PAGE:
When Shame Stops Us

Aug. 5th, 2019

There’s a funny saying I’ve seen around the Internet: “I tried to be normal, once. Worst two minutes of my life.” It really resonates with me. I am pretty sure I only tried to be normal for about two minutes in my early teens before giving it up as a bad job. I’m not like most other people and will never be.

I was lucky enough to be raised in an atmosphere that the unusual was usual and not at all judged. Both my parents were later diagnosed with ADHD, so they couldn’t have passed for usual if they’d tried. The motto in our family was “If it works, don’t question it.”

One of my favourite stories of this kind of mindset was the time we were driving to a camping trip. My parents nipped sibling conflict on long drives in the bud with plenty of snacks, a portable DVD player, and dryer hoses mounted over the AC vents in the front of our minivan that fed back to us kids, otherwise parents froze while we baked. Our vehicle got a lot of odd looks as we drove through small Ontario towns but everyone inside was happy and that’s all that mattered to us. I recently saw hoses being sold on Amazon designed for that same purpose. My dad was ahead of his time, clearly.

One of my jobs as an ADHD coach is to pass this attitude along to my clients. Sometimes all of us need “permission” to do something, especially something weird. It’s difficult enough to find a strategy that works and then when that strategy turns out to be completely different than how “everyone else” does it, the weight of that shame can cripple us. It seems so much easier to do the usual thing, but the problem is if that way worked, it would have worked by now.

If the usual thing works for somebody, great. With me and my clients, however, that’s usually not the case. There are many elements of my life structures that are used by other people such as alarms, calendar, and shopping lists, but in my case they are usually changed in some way.

As far as I understand, most people use an alarm for one thing: to wake up in the morning. I set two alarms (one 15 mins before, one 5 mins before) for every calendar item I have. This gives me the transition time my brain needs. A lot of people write grocery lists. I also write a list of the food I’m planning to prepare (so when I go to eat a meal I know what’s available so nothing gets forgotten and expires) and a list of steps for when I’m cooking the food. A lot of people put their appointments in their calendar. I also include sleep, meals, cleaning, and other routine items because otherwise my brain forgets they exist and that they take up time in my day.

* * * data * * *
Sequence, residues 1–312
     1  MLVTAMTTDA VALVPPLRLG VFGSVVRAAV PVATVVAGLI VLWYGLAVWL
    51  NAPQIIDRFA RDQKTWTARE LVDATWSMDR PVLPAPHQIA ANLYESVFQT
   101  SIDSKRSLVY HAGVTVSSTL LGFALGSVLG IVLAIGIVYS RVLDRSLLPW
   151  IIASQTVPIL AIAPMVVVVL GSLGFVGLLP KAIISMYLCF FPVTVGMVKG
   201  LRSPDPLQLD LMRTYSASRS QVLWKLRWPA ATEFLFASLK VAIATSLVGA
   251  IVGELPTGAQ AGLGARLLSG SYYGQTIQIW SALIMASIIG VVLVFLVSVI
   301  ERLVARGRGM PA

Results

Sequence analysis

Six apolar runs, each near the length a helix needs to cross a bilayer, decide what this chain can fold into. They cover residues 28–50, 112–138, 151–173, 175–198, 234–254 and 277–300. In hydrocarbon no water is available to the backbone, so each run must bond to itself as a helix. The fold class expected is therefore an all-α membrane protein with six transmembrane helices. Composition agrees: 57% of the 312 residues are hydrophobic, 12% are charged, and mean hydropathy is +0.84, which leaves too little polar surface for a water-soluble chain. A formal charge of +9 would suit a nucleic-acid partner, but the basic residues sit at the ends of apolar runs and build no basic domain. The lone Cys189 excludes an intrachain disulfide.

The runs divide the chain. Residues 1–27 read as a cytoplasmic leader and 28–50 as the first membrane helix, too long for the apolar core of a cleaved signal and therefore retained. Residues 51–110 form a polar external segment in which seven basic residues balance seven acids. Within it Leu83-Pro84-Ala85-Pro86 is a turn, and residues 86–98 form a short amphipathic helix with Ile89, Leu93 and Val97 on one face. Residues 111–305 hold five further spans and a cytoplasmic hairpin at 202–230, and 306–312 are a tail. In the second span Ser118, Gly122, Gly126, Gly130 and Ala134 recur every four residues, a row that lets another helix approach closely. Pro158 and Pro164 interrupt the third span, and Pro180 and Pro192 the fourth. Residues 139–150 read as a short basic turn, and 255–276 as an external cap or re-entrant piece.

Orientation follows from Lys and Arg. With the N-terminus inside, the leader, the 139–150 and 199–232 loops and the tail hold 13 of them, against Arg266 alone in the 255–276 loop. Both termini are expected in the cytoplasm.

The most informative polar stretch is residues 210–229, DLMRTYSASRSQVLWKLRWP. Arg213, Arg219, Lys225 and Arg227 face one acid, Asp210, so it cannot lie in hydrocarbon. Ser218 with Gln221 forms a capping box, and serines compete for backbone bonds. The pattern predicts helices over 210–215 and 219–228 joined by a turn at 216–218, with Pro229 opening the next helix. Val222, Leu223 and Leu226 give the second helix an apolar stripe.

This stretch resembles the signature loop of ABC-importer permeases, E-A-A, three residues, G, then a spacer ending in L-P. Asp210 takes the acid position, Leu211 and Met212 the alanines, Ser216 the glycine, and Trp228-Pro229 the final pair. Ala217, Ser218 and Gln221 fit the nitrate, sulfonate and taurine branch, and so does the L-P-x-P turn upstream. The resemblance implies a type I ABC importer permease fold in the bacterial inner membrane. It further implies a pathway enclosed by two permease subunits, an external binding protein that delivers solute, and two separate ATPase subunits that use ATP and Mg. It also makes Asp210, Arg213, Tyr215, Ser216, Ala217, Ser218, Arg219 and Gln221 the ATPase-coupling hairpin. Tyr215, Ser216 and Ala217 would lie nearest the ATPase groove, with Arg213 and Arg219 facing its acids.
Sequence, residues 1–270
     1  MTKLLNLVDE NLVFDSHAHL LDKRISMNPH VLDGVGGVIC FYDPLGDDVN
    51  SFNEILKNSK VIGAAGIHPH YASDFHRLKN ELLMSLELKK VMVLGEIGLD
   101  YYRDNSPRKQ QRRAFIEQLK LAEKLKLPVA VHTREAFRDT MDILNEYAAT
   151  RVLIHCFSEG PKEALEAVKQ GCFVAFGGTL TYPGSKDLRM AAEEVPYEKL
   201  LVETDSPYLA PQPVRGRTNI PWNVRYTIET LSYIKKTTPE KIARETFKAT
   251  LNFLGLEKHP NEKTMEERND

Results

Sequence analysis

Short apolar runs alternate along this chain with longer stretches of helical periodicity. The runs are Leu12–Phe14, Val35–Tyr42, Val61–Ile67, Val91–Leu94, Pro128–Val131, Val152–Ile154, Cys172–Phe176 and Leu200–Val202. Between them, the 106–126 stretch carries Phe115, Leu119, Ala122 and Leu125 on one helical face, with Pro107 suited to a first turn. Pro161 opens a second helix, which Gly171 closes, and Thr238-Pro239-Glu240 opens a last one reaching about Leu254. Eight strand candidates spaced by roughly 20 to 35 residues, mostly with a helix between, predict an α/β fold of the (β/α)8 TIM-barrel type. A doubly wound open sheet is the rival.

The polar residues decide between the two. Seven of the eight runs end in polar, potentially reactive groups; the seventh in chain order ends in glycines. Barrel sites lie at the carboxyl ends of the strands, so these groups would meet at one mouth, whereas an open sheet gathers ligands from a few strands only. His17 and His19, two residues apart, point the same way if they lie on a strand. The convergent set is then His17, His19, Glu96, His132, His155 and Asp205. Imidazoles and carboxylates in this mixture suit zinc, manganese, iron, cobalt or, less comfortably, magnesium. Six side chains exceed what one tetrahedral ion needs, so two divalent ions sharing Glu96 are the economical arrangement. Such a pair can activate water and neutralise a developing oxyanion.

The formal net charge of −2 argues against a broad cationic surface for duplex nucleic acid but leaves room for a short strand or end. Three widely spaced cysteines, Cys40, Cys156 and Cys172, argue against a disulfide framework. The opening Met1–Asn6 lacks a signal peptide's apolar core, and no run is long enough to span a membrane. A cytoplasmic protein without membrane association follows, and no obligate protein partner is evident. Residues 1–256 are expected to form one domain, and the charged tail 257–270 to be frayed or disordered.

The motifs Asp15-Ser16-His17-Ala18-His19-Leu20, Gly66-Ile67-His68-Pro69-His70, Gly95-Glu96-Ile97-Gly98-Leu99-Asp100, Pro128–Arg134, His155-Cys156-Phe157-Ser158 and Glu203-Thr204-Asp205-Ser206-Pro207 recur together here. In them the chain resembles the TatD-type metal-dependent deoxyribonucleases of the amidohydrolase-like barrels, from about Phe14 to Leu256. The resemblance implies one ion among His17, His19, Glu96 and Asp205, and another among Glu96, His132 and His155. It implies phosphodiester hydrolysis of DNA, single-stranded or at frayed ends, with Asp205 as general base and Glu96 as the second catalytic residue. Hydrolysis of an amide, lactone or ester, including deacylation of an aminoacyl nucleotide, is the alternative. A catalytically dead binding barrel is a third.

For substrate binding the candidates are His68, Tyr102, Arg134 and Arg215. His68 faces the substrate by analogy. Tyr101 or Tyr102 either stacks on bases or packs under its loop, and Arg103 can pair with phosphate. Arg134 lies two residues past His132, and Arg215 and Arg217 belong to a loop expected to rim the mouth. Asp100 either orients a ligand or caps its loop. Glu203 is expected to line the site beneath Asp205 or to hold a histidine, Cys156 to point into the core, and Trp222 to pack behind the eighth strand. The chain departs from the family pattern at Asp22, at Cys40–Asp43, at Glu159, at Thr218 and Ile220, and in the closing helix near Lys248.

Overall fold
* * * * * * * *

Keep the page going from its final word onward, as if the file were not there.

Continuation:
And you know what else? Being weird is a lot of work! All three of those examples take far more work than the typical usage.

So how do we embrace the unique ways we need to function?

A method that’s worked well for me is being certain, in my bones, of the necessity of it. In my case this meant being hurt over and over and over again by the decision not to do it the weird way. Eventually I just knew how vital that thing was and that certainty allows me to defend it from judgement (my own as well as other people’s). It becomes akin to people making ridiculous suggestions. Like if someone asked you to lend them a million dollars. Clearly that would be either impossible or intensely detrimental, so you’d say no without hesitation. When I know, beyond a shadow of doubt, that doing (or not doing) that weird thing will be intensely detrimental, I have no hesitation in defending it.

Another method of protecting that which we need to do is to limit our exposure to that judgement. Clearly this is not always possible, especially for those living with others in a situation where little control is possible. Where we can, though, limiting who can make us feel bad about what we need can be helpful. Maybe there’s a relative that we want to stay connected to, but also who brings us down. Perhaps reduce the number of times visits take place and meet in a public place where criticism is (hopefully) less likely.

Finally, examine where the judgement is coming from, because sometimes it is largely coming from ourselves. A frequent sentiment my client’s express is “I should be able to do ___”, which in this context I mean do something the “normal” way. Well, no, not really. Not all of my clients are diagnosed with ADHD, but that doesn’t matter. Whether or not someone can do something isn’t up for debate. It doesn’t matter what “should” or “should not” happen. The fact of the matter is that the other way of doing whatever it is isn’t working. And for me sometimes just knowing that is enough to start fighting for it.

What happens when it isn’t? What if there’s something that just keeps coming up, over and over, not changing? That’s when a professional with different training from mine is needed. Being “stuck” on things, like emotions of shame, are often indicators that therapy is needed. A qualified therapist (and I always advocate for a specialist in whatever diagnoses the person has) can dig through the old, the hurt, and the unmoving to enable us to move out of that cycle of shame.

What weird and wonderful ways have you found to function?